Adjusting Journal Entry

AAA

DEFINITION of 'Adjusting Journal Entry'

An entry in financial reporting that occurs at the end of a reporting period to record any unrecognized income or expenses for the period. When a transaction is started in one accounting period and finished in a later period, an adjusting journal entry is required to properly account for the transaction.

Adjusting journal entries can also refer to financial reporting that corrects a mistake made previously in the accounting period.


Also known as a "balance day adjustment."




BREAKING DOWN 'Adjusting Journal Entry'

An adjusting journal entry involves an income statement account (revenue or expense) along with a balance sheet account (asset or liability) and typically relates to the accounts for accrued expenses, accrued revenue, prepaid expenses and unearned revenue.
When used to correct a previous accounting mistake, an adjusting journal entry usually involves a credit to one account and a debit to another account.




RELATED TERMS
  1. Balance Sheet

    A financial statement that summarizes a company's assets, liabilities ...
  2. Contra Account

    An account found in an account ledger that is used to reduce ...
  3. Financial Statements

    Records that outline the financial activities of a business, ...
  4. Accounting

    The systematic and comprehensive recording of financial transactions ...
  5. Closing Entry

    A journal entry made at the end of the accounting period. The ...
  6. Accrual Accounting

    An accounting method that measures the performance and position ...
Related Articles
  1. Insurance

    Ancient Accounting Systems

    Learn how accounting evolved to keep records of increasingly complex transactions and civilizations.
  2. Professionals

    Finding The Right Accounting Certification

    An accounting certification may be the boost your career needs. Find out how to get the most bang for your buck.
  3. Fundamental Analysis

    Spotting Creative Accounting On The Balance Sheet

    Companies have ways of manipulating their balance sheets that investors should be aware of.
  4. Active Trading

    Creative Accounting: When It's Too Good To Be True

    Accounting practices have matured, but there are still plenty of ways that companies can disguise their financial results.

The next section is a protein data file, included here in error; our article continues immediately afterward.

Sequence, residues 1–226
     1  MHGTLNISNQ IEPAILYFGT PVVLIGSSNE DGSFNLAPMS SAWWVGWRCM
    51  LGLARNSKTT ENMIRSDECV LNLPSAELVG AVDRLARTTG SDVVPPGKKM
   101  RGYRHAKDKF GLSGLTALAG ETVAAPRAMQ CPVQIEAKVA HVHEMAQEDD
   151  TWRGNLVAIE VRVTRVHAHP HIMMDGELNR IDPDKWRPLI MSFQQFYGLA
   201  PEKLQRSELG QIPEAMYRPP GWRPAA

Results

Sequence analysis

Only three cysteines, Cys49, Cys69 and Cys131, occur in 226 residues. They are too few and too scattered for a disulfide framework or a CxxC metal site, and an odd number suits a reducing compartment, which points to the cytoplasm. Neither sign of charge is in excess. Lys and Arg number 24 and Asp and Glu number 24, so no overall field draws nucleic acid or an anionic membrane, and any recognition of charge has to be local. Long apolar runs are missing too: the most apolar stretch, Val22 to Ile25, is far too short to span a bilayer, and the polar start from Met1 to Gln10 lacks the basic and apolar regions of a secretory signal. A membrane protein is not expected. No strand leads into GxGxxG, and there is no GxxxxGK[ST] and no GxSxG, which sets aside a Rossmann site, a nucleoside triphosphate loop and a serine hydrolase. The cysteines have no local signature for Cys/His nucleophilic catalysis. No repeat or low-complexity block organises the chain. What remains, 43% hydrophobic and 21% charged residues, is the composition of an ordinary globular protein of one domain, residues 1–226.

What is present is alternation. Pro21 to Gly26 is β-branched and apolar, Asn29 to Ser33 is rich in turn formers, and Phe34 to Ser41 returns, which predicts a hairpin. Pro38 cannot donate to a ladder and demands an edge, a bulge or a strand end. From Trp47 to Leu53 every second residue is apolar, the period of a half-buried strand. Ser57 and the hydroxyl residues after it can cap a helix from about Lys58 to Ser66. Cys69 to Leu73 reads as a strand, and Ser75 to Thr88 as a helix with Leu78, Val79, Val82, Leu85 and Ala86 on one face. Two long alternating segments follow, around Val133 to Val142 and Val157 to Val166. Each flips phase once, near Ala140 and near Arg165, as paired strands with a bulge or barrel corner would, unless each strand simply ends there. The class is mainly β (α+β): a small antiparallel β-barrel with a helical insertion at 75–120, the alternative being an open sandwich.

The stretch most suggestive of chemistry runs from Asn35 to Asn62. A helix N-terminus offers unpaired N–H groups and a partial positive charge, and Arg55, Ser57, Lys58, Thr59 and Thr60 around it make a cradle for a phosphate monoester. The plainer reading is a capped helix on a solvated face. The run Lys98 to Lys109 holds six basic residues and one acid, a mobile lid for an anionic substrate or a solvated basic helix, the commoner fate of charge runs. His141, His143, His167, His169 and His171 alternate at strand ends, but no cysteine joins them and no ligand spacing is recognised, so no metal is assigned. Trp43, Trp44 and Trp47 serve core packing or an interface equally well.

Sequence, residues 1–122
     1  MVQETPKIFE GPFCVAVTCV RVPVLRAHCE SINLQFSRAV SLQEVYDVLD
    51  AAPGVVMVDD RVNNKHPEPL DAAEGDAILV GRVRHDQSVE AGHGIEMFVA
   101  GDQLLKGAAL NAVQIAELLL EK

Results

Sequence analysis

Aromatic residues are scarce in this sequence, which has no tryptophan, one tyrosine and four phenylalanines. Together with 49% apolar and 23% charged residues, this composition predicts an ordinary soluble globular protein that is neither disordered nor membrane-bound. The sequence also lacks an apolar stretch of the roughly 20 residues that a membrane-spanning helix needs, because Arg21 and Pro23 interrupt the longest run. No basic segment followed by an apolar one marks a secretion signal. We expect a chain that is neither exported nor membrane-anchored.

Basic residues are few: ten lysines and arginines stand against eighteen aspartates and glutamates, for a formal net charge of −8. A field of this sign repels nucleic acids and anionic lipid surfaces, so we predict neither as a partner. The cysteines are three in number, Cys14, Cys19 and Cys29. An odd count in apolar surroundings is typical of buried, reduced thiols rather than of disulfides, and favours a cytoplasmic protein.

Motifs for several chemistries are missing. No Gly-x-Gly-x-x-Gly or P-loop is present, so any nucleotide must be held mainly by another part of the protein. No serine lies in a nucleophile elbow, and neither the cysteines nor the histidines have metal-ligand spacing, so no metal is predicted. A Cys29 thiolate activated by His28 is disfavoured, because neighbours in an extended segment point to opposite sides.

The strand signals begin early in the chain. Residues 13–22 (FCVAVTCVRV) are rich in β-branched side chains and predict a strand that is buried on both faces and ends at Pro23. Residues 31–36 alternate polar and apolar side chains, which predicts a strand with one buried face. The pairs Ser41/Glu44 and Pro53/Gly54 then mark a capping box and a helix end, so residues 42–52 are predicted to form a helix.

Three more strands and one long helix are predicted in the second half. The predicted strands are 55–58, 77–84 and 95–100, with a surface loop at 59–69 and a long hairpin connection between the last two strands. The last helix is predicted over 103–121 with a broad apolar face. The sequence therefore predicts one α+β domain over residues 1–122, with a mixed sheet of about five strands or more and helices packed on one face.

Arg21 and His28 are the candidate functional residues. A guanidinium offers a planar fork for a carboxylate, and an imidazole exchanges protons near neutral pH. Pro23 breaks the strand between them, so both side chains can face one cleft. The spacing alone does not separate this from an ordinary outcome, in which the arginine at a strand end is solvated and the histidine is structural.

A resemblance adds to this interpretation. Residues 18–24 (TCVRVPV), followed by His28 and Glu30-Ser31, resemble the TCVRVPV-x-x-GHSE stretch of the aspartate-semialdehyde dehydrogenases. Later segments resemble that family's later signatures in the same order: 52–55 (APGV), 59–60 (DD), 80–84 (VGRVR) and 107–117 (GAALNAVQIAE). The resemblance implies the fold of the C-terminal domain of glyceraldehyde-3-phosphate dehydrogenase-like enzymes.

5. Options & Futures

    Core Earnings Strip Away "Creative" Accounting

    This metric is an attempt to counteract creative accounting, but it poses its own set of challenges.
  6. Forex Education

    Accounting Basics

    What is accounting? Learn the basics of this essential way of recording and summarizing financial information.
  7. Investing

    The Ins and Outs Of In-Process R&D Expenses

    Are these charge-offs fair accounting or earnings manipulation? Learn more here.
  8. Term

    What are Non-GAAP Earnings?

    Non-GAAP earnings are a company’s earnings that are not reported according to Generally Accepted Accounting Principles.
  9. Investing

    What’s Holding Back the U.S. Consumer

    Even as job growth has surged and gasoline prices have plunged, U.S. consumers are proving slow to respond and repair their overextended balance sheets.
  10. Fundamental Analysis

    Calculating Return on Net Assets

    Return on net assets measures a company’s financial performance.
RELATED FAQS
  1. What would happen if you tried to skip steps in the accounting cycle?

    All business decisions are based on data and numbers. If a company were to skip steps in the accounting cycle, it would begin ... Read Full Answer >>
  2. What is the formula for calculating compound annual growth rate (CAGR) in Excel?

    The compound annual growth rate, or CAGR for short, measures the return on an investment over a certain period of time. Below ... Read Full Answer >>
  3. What are some examples of general and administrative expenses?

    In accounting, general and administrative expenses represent the necessary costs to maintain a company's daily operations ... Read Full Answer >>
  4. What is the difference between called-up share capital and paid-up share capital?

    The difference between called-up share capital and paid-up share capital is investors have already paid in full for paid-up ... Read Full Answer >>
  5. How do dividend distributions affect additional paid in capital?

    Whether a dividend distribution has any effect on additional paid-in capital depends solely on what type of dividend is issued: ... Read Full Answer >>
  6. Why can additional paid in capital never have a negative balance?

    The additional paid-in capital figure on a company's balance sheet can never be negative because companies do not pay investors ... Read Full Answer >>

You May Also Like

Hot Definitions
  1. Bubble Theory

    A school of thought that believes that the prices of assets can temporarily rise far above their true values and that these ...
  2. Stock Market Crash

    A rapid and often unanticipated drop in stock prices. A stock market crash can be the result of major catastrophic events, ...
  3. Financial Crisis

    A situation in which the value of financial institutions or assets drops rapidly. A financial crisis is often associated ...
  4. Election Period

    The period of time during which an investor who owns an extendable or retractable bond must indicate to the issuer whether ...
  5. Shanghai Stock Exchange

    The largest stock exchange in mainland China, the Shanghai Stock Exchange is a nonprofit organization run by the China Securities ...
  6. Dead Cat Bounce

    A temporary recovery from a prolonged decline or bear market, followed by the continuation of the downtrend. A dead cat bounce ...
Trading Center
×

You are using adblocking software

Want access to all of Investopedia? Add us to your “whitelist”
so you'll never miss a feature!